Number of contractions to maintain mass and force of a denervated rat muscle

Douglas E. Dow, Paul S. Cederna, Cheryl A. Hassett, Tatiana Y. Kostrominova, John A. Faulkner, Robert G. Dennis

Research output: Contribution to journalArticle

90 Scopus citations

Abstract

Within 5 weeks, denervated extensor digitorum longus (EDL) muscles of rats lose 66% of mass, 91% of force, and 76% of fiber cross-sectional area (CSA). We previously determined the parameters of electrical stimulation for denervated rat EDL muscles to generate tetanic contractions sufficient to maintain mass and force close to control values. Using these parameters, we tested the hypothesis that a range exists for number of contractions per day, below and above which values for mass, maximum force, and fiber CSA are lower than values for innervated control muscles. For 5 weeks, denervated EDL muscles were stimulated to generate between 25 and 5000 contractions daily with contractions separated by constant intervals of rest, repeated 24 h per day. Force was not maintained with fewer than 200 or more than 800 contractions daily, whereas mass and fiber CSA were not maintained with fewer than 50 contractions daily. Protocols of stimulation that maintain muscle mass and force during prolonged periods of denervation may minimize problems clinically associated with denervation atrophy.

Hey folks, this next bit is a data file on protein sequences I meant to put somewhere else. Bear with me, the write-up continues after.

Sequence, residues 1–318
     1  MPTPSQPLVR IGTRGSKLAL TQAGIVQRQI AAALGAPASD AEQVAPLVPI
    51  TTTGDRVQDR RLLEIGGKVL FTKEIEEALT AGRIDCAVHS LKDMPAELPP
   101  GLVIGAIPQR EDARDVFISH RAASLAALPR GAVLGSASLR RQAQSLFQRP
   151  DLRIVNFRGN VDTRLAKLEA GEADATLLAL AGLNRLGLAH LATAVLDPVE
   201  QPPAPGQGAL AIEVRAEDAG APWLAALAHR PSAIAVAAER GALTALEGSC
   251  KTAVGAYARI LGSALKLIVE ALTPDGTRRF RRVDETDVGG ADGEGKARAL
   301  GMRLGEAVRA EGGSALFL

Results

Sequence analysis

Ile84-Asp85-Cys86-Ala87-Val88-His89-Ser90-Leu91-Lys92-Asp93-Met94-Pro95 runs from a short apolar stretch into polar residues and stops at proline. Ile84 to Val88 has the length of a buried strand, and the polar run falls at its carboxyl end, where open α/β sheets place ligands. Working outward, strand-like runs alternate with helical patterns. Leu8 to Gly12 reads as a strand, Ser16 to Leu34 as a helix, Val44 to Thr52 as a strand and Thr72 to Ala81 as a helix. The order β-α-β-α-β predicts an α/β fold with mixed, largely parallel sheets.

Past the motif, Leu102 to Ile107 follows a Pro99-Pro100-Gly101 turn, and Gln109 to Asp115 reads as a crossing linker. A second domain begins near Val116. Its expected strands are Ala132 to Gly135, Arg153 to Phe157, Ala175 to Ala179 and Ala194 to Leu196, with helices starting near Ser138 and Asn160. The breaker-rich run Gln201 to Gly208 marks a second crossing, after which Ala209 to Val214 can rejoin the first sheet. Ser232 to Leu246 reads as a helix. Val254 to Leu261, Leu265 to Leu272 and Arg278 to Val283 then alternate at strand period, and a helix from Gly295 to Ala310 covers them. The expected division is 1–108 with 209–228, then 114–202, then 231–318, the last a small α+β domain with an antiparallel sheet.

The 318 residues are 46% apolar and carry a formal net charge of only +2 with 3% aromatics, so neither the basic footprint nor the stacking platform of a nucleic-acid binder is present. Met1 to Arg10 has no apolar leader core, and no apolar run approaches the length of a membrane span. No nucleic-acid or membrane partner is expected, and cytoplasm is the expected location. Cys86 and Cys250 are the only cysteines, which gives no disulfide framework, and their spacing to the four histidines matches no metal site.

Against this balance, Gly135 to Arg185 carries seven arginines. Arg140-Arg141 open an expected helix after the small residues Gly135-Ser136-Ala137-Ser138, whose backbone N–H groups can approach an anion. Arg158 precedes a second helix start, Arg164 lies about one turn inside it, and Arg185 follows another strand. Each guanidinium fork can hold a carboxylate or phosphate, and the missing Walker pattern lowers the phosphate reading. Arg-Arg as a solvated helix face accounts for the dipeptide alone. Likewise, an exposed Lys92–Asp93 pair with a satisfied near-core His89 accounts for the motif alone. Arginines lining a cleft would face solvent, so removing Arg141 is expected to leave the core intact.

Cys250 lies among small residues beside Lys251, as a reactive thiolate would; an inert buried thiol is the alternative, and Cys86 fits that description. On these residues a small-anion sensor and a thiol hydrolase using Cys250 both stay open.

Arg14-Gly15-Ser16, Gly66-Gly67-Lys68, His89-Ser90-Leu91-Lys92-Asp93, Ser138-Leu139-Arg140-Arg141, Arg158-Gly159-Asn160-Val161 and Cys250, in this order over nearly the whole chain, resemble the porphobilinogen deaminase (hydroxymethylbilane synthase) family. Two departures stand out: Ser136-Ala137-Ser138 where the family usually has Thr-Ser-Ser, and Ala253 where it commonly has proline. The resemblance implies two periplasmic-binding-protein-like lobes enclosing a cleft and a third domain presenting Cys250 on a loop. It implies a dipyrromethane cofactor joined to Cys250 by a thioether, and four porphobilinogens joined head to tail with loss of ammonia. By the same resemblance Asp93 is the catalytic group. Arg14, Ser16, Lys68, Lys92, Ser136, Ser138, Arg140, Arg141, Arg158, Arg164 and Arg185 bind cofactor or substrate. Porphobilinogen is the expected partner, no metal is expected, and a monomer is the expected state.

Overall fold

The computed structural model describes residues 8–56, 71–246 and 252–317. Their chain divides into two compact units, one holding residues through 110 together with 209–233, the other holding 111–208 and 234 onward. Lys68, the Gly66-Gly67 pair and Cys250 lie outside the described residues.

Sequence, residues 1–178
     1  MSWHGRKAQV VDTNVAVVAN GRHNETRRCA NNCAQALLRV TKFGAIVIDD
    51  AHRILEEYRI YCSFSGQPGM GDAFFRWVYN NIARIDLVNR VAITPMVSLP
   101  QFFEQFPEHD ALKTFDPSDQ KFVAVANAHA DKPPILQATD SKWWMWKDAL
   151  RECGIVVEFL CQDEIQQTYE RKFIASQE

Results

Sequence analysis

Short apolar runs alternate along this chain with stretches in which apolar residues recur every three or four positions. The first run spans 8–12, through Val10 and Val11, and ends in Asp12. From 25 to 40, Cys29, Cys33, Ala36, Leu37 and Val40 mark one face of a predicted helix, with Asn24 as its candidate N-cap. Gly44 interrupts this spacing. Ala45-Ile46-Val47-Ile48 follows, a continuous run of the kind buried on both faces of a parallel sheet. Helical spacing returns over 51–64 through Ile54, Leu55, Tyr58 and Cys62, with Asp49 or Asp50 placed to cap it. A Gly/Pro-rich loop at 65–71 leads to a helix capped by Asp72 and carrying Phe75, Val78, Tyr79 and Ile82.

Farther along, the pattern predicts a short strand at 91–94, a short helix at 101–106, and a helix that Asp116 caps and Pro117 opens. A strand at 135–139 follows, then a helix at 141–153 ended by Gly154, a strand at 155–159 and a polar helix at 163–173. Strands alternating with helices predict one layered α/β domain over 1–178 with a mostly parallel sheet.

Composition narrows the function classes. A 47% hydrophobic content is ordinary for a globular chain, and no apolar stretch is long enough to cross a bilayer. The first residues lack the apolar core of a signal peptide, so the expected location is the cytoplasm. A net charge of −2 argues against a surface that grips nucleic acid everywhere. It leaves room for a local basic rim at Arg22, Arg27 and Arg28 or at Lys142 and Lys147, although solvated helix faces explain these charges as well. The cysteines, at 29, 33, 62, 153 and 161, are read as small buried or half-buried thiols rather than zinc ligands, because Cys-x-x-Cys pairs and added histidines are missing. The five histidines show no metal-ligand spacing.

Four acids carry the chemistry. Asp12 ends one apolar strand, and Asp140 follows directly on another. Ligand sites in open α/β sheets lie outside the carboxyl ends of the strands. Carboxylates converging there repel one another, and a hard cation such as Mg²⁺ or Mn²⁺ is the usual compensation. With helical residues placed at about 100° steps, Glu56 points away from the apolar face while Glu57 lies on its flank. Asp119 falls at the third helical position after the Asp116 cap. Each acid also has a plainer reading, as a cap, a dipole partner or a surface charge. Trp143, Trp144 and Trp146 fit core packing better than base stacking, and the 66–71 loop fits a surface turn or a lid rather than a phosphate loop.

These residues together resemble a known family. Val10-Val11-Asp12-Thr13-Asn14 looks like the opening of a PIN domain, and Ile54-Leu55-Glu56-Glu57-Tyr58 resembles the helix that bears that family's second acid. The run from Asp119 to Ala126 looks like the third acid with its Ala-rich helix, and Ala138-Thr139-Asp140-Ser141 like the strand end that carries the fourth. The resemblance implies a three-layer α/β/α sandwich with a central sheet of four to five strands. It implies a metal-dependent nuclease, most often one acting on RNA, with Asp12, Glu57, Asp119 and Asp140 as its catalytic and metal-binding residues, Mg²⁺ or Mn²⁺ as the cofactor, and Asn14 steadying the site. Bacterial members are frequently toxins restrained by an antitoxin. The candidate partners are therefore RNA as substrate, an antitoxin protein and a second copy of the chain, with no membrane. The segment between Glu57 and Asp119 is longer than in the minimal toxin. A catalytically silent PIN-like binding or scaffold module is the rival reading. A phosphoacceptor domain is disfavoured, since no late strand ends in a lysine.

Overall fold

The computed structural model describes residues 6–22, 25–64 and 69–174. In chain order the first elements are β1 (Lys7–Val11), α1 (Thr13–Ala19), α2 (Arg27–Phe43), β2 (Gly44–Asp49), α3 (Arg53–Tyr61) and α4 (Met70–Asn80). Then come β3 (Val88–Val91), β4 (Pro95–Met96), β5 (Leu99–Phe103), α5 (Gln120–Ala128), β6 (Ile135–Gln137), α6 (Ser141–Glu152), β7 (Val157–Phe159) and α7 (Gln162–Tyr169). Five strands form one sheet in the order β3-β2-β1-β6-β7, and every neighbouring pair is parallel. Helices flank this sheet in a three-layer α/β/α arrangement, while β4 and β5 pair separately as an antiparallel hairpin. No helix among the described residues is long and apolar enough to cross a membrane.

Original languageEnglish (US)
Pages (from-to)77-86
Number of pages10
JournalMuscle and Nerve
Volume30
Issue number1
DOIs
StatePublished - Jul 1 2004

    Fingerprint

Keywords

  • Atrophy
  • Contractility
  • Cross-sectional area
  • EDL
  • Extensor digitorum longus
  • Fiber size
  • Tetanus

ASJC Scopus subject areas

  • Physiology
  • Clinical Neurology
  • Cellular and Molecular Neuroscience
  • Physiology (medical)

Cite this

Dow, D. E., Cederna, P. S., Hassett, C. A., Kostrominova, T. Y., Faulkner, J. A., & Dennis, R. G. (2004). Number of contractions to maintain mass and force of a denervated rat muscle. Muscle and Nerve, 30(1), 77-86. https://doi.org/10.1002/mus.20054